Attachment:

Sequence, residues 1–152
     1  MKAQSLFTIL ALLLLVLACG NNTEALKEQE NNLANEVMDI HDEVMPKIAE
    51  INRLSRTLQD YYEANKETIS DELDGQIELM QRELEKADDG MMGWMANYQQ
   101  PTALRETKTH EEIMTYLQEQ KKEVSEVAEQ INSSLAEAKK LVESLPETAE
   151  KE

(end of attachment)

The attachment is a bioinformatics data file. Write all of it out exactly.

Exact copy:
Sequence, residues 1–152
     1  MKAQSLFTIL ALLLLVLACG NNTEALKEQE NNLANEVMDI HDEVMPKIAE
    51  INRLSRTLQD YYEANKETIS DELDGQIELM QRELEKADDG MMGWMANYQQ
   101  PTALRETKTH EEIMTYLQEQ KKEVSEVAEQ INSSLAEAKK LVESLPETAE
   151  KE